Fifty Shades Fever

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Credits: Kara Kohn, Plainfield Public Library & ILA Reporter


No question, the hottest book at the moment is E. L. James’ Fifty Shades of Grey (Vintage, 2012). As I write this, there are 140 holds for the print edition, 20 holds for the audiobook, and 69 holds for the e-book at my southwest suburban library serving a population of approximately 75,000.

This is the most holds I have ever seen on a single title — more than a new Janet Evanovich or James Patterson and more than the The Help (Amy Einhorn, 2009) and The Girl with the Dragon Tattoo (Alfred A. Knopf, 2008), both of which benefited from blockbuster movie releases. Fifty Shades and its sequels have surprisingly exceeded the demand for The Hunger Games and Twilight trilogies, books that appeal to a broad range of ages, compared to Fifty Shades’ more mature audience. The phenomenon of this trilogy is unprecedented and like nothing I have seen before.

According to Robert Haddock, a representative for Random House, Fifty Shades has become “the biggest-selling title in the history of Random House publishing, surpassing The Da Vinci Code.” Haddock also claims Fifty “has sold 12 million copies. That is 50,000 books a day, 1.2 books every second. If you took the book apart and put the pages end to end, 12 million copies would circle the earth 13 times.” These statistics were current as of June; I can only imagine what the sales are now, and what they will be in the future when Fifty Shades arrives on the big screen. One wonders how an unheard-of author who started out writing this title as Twilight-fan fiction is able to take the top three spots on the New York Times trade bestseller list. According to the Examiner, we can attribute the popularity to “its pushing of sexual boundaries in its appeal to middle-aged women. Experts have recently revealed that the source of success behind the spicy novels is its strong fan base. Not teens dressing up as the Boy Who Lived or young female audiences wishing for a vampire to whisk them away, but women over age twenty-five looking for that ‘fantasy romance,’ as E. L. James has called it.”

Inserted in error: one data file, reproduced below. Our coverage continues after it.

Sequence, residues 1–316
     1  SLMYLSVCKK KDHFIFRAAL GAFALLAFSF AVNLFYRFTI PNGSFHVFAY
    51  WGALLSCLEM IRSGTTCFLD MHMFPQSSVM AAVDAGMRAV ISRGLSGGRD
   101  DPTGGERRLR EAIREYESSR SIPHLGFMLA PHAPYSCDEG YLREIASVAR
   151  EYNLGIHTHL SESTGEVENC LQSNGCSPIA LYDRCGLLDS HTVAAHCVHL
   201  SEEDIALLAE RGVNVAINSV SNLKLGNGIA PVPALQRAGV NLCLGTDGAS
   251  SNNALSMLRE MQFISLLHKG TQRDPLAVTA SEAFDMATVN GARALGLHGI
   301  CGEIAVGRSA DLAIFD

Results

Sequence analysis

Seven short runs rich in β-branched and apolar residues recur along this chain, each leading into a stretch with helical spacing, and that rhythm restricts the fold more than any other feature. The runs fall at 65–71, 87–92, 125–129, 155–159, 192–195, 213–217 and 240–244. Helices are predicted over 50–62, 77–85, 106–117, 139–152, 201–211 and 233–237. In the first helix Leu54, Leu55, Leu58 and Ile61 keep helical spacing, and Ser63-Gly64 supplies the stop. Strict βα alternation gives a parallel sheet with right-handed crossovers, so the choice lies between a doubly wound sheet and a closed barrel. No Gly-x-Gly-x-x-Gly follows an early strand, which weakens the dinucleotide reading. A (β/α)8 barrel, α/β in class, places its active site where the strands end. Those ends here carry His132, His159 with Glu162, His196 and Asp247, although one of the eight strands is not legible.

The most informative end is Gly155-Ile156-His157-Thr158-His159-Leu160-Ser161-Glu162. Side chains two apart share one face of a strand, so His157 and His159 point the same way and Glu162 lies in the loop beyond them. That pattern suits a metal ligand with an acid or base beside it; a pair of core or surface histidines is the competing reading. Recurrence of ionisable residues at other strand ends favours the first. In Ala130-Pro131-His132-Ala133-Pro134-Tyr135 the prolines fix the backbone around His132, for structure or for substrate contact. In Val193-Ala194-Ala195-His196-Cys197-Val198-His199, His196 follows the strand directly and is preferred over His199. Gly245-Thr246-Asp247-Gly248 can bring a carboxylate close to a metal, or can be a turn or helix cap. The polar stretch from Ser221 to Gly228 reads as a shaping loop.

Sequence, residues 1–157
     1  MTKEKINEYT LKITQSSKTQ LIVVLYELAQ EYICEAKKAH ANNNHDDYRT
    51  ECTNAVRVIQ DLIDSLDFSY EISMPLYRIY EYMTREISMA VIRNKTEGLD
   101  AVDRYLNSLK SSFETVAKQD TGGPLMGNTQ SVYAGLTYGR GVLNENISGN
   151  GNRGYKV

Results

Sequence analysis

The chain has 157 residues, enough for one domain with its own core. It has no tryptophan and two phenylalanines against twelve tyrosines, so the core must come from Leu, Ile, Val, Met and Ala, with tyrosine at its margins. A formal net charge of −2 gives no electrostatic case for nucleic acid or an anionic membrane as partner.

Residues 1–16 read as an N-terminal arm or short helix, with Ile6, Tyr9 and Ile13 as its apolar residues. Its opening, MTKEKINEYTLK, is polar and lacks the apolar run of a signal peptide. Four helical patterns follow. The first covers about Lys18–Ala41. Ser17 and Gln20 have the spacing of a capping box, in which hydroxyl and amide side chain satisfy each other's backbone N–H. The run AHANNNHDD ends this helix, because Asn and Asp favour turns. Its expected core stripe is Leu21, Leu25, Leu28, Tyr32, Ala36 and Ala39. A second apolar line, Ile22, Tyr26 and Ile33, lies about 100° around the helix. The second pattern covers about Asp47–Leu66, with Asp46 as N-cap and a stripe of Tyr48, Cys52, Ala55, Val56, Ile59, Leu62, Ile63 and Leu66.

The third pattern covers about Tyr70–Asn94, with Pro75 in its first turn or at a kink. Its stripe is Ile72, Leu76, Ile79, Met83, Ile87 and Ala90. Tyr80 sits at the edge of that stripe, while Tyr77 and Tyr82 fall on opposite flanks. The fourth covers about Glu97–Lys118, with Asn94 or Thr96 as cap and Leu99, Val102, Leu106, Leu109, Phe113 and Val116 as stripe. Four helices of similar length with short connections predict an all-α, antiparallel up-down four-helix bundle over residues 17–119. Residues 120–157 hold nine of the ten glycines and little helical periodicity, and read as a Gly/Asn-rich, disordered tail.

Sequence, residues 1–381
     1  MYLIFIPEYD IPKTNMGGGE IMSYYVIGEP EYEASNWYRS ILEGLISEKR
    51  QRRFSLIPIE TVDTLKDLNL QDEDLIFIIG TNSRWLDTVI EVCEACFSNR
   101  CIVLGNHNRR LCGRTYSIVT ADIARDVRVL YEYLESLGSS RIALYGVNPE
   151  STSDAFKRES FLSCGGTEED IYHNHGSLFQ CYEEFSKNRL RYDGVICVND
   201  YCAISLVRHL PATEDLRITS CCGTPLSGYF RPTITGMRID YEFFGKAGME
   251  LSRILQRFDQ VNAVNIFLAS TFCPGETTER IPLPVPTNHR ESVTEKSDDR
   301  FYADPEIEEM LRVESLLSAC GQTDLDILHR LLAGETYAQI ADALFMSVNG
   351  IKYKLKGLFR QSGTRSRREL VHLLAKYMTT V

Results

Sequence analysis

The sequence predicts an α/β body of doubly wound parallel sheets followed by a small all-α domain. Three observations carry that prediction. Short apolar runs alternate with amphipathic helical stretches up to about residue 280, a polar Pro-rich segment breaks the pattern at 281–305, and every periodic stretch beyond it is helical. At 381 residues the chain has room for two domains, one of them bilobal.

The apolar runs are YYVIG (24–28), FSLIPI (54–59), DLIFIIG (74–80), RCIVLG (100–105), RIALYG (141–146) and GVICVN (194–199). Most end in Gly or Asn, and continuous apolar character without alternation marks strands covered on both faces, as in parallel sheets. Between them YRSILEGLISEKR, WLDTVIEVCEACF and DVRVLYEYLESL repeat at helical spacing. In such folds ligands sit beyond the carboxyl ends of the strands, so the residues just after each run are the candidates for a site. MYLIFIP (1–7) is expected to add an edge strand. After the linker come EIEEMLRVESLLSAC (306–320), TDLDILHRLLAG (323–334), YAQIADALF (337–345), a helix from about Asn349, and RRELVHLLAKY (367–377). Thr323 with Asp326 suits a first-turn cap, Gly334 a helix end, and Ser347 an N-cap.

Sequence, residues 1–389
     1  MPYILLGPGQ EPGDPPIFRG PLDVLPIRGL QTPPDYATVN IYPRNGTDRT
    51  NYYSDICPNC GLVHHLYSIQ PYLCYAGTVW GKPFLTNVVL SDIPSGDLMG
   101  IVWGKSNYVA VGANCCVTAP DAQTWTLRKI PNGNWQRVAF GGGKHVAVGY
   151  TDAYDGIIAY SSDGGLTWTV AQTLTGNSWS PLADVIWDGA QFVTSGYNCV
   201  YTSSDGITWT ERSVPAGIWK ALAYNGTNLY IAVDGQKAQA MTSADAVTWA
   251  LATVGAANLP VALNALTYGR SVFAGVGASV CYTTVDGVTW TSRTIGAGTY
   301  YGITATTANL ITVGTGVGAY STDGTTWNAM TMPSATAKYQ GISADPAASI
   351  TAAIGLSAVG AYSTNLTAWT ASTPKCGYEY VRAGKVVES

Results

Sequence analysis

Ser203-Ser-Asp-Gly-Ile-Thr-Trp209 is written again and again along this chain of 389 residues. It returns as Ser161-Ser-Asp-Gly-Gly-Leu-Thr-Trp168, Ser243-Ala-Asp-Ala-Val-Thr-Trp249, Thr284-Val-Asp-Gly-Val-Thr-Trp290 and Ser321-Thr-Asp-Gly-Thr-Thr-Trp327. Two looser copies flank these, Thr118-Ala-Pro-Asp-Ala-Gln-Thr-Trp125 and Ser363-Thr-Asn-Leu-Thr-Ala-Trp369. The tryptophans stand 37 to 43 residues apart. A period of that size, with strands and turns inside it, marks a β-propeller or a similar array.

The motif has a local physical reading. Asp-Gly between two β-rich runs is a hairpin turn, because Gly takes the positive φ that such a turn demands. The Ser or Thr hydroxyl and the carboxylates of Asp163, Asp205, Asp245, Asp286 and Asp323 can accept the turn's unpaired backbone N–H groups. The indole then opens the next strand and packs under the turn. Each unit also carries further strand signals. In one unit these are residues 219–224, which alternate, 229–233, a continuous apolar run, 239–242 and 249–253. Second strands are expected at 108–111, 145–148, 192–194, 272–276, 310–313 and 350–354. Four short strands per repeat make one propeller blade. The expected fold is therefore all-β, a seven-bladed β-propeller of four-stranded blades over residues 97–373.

It should be no surprise that we will see a deluge of erotic romance publishing in the coming year as writers move to cash in on this reading trend, just as The Girl with the Dragon Tattoo did for Swedish crime fiction. In addition to viral marketing and word of mouth promotion, the proliferation of e-books and their inherent discreetness has made it all the more manageable for many readers who perhaps would have been embarrassed for others to see what they are reading.


There was the recent Brevard County Library System (Florida) debacle in which the director removed copies, claiming the book did not meet the library’s collection criteria, only to then later restock all nineteen copies in response to community outcry. Someone from that library initially purchased the books with their collection stipulation in mind, so to state that as the reason for the ban doesn’t seem entirely accurate. I interpret their actions as simply being afraid of the response to a racy book and a regrettable decision to nip any challenges in the bud by deaccession.